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Appendix 1


What is a rational number?

CALCULUS IS A THEORY OF MEASUREMENT. The necessary numbers are the rationals and irrationals. The student very likely has heard that a number that can be written as p over q, where p and q are integers (q not equal to 0) is rational. Yes, that is how a rational number can be made to look. But what actually is a rational number? And how does it profoundly differ from an irrational number?

But let us start at the beginning. The following numbers of arithmetic are the counting-numbers or, as they are called, the natural numbers:

1,  2,  3,  4,  and so on.

(At any rate, those are their symbols, the Arabic numerals.)

If we include 0, we have the whole numbers:

0,  1,  2,  3,  and so on.

And upon including their algebraic negatives, we have the integers:

0,  ±1,  ±2,  ±3,  and so on.

± ("plus or minus") is called the double sign.

The following are the square numbers, or the perfect squares:

1   4   9   16   25   36   49   64,  and so on.

And these are their roots:

1   2   3    4     5     6     7     8,  and so on.

The student is no doubt familiar with the radical sign: radical.

radical  =  5.

"The square root of 25 is 5."

Since it is with those symbols—1, 2, 3, 4—that we do written calculations, it has become common to call the symbols themselves "numbers." But a number is more than a symbol. (@ is a symbol; it is not a number.) The number is that to which the symbol refers.

Rational and irrational numbers

1.  What is a rational number?

A rational number is simply a number of arithmetic: a whole number, a fraction, a mixed number, or a decimal. They are the numbers with whose names and symbols we count and measure.

Their negative images nowadays are also called rational.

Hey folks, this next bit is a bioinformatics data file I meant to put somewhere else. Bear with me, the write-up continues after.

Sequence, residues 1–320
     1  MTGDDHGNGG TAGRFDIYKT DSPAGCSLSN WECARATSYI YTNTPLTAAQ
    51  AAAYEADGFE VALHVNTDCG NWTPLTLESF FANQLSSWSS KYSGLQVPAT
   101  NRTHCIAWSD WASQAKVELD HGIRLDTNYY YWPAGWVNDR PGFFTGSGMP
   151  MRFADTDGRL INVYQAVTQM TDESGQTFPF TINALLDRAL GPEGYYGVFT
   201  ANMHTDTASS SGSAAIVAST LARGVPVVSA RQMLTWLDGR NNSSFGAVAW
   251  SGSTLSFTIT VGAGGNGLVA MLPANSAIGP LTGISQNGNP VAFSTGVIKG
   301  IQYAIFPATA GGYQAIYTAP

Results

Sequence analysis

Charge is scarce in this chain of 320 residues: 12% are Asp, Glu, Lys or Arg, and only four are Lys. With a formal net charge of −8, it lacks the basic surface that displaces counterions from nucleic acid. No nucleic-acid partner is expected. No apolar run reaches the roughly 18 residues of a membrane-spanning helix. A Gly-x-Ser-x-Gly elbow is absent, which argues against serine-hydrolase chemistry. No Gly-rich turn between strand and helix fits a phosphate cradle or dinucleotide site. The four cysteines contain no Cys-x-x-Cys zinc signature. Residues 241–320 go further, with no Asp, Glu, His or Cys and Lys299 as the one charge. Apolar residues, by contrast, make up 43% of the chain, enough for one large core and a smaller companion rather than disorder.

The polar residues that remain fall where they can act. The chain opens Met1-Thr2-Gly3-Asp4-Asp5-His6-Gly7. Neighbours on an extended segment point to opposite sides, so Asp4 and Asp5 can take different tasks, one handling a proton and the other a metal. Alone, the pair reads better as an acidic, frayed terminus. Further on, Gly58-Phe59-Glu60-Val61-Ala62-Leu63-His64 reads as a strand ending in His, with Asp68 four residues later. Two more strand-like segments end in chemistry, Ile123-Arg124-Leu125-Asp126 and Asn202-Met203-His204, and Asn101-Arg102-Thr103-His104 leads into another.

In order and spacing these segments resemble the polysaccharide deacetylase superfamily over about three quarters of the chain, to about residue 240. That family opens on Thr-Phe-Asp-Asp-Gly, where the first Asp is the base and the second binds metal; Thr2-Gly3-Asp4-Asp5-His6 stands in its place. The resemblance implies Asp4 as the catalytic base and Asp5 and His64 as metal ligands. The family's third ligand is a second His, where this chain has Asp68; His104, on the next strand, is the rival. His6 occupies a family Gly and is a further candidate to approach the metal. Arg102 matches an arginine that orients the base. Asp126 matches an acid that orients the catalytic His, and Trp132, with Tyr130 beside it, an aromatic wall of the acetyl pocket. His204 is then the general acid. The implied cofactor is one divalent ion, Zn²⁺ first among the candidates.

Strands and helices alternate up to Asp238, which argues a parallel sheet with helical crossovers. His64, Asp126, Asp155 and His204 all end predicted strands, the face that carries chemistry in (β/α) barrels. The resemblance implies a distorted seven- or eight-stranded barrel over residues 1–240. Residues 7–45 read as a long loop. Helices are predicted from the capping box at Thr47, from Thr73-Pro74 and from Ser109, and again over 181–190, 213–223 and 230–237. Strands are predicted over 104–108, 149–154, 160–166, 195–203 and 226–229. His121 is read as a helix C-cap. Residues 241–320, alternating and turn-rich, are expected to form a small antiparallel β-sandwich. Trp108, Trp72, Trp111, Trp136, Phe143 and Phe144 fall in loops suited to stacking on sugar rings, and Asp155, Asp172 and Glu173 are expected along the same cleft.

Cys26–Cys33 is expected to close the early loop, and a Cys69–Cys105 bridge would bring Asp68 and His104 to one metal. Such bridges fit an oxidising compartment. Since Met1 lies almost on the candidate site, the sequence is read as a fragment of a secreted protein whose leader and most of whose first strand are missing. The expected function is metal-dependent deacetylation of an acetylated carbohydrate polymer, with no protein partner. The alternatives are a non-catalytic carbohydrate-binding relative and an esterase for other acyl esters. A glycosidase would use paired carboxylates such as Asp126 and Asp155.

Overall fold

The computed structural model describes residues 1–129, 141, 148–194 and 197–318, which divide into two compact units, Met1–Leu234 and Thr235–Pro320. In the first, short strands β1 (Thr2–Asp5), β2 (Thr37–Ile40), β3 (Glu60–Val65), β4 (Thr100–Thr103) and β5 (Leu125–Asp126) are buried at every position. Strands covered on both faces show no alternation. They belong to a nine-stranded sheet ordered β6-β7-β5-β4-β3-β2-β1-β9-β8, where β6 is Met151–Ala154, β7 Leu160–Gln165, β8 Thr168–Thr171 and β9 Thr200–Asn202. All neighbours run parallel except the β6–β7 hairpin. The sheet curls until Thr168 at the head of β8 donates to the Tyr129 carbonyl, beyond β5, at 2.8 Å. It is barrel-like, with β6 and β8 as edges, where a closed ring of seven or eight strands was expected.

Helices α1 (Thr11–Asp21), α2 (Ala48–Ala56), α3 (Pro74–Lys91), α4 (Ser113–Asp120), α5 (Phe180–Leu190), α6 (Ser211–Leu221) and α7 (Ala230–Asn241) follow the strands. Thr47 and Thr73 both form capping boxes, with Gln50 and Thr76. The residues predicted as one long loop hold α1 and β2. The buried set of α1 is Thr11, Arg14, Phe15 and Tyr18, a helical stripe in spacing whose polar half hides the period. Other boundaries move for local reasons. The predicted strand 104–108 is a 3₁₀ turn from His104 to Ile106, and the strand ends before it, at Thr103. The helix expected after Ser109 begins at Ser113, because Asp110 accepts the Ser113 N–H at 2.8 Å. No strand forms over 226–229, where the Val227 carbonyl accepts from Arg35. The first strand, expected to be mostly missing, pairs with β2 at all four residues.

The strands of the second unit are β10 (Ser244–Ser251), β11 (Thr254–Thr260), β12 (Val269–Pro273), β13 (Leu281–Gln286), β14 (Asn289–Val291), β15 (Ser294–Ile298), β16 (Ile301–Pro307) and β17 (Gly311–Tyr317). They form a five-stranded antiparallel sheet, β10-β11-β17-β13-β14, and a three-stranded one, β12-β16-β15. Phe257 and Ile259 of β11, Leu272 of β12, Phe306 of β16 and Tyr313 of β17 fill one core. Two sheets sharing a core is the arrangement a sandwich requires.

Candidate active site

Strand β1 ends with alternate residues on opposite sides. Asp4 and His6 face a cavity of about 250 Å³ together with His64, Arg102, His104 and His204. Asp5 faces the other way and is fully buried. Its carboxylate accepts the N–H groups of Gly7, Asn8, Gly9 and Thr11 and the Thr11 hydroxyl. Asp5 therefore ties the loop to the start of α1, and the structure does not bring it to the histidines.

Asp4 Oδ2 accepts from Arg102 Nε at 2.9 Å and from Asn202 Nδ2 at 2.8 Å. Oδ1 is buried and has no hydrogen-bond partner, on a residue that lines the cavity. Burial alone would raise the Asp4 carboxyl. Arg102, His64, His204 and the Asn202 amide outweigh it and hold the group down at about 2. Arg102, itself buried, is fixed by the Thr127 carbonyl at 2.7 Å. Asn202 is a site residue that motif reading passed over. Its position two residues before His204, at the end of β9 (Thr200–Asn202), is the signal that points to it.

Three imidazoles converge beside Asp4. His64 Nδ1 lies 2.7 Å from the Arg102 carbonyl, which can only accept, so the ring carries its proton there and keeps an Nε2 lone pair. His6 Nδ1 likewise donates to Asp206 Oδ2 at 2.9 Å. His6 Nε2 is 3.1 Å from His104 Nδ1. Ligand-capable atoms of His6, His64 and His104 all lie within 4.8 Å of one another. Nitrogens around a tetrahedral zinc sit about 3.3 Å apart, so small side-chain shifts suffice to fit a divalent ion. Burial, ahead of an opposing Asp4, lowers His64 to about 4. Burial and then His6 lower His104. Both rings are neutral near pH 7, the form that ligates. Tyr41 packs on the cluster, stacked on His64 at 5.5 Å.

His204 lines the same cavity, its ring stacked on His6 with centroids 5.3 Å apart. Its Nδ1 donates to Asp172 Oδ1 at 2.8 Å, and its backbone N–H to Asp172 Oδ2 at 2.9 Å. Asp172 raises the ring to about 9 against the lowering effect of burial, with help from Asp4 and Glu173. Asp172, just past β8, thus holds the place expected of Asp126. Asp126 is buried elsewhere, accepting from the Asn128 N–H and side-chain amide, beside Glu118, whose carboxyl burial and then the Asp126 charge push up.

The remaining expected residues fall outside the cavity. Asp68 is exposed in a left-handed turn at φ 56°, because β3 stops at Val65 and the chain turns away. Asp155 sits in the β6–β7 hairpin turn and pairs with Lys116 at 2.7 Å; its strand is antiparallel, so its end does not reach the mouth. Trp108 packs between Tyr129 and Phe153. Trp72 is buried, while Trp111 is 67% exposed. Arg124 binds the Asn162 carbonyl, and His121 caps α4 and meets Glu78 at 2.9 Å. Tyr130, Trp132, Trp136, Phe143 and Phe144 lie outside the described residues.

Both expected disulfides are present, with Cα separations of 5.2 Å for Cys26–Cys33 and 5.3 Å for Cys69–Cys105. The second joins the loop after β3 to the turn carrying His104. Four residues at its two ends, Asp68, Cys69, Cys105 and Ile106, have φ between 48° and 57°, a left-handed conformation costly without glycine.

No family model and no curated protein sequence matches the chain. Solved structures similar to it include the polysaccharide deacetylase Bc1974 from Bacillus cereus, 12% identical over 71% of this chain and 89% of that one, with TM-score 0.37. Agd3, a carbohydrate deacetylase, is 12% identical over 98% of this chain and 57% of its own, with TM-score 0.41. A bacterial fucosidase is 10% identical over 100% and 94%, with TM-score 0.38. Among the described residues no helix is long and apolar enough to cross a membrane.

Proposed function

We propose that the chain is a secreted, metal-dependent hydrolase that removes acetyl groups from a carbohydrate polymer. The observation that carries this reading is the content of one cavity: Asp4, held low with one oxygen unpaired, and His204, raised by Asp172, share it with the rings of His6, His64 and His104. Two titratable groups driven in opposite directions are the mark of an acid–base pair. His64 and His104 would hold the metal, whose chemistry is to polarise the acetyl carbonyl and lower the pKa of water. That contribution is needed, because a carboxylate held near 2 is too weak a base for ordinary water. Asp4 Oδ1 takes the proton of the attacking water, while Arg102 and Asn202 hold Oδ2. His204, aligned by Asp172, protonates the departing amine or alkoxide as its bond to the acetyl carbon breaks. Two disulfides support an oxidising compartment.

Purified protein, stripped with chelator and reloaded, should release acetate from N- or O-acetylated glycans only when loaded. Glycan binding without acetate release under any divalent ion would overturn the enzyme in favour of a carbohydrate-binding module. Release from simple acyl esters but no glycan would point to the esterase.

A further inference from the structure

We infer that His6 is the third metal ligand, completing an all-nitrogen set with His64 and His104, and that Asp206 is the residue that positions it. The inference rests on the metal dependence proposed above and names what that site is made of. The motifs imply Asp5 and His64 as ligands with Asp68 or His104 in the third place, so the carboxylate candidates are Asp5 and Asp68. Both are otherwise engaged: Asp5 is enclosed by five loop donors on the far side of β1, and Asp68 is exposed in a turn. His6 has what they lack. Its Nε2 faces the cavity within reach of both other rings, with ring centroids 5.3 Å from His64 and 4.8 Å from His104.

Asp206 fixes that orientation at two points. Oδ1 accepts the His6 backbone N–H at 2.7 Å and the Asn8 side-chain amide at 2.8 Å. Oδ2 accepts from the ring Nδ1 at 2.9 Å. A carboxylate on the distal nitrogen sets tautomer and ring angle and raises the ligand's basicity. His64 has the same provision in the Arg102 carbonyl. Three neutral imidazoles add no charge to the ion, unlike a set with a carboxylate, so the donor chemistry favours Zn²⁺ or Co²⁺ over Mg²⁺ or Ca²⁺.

2.  Which of the following numbers are rational?

1   −1   0   2
    −5½   6.085   −6.085   3.1415926535897

To see the answer, pass your mouse over the colored area.
To cover the answer again, click "Refresh" ("Reload").

All of them. All decimals are rational. That long one is an approximation to π, which, as we shall see, is not equal to any decimal. For if it were, it would be rational.

3.  Why the name rational?

The natural numbers of arithmetic have a ratio to one another. Every number of arithmetic can be written as a fraction, which has the same ratio to 1 as the numerator has to the denominator.

 : 1 =  a : b.

A number that has the same ratio to 1 as two natural numbers we say is rational.

Every number of arithmetic proceeds from 1, which is the source. The natural numbers are its multiples, the fractions are its parts. Every number thus has a relationship to 1, which we can always name. ("The number we write as 5 is five times 1." "The number we write as ¾ is three fourths of 1.)  Language, we will see, cannot express the relationship of an irrational number to 1.

Upon extending these to the negative numbers of algebra: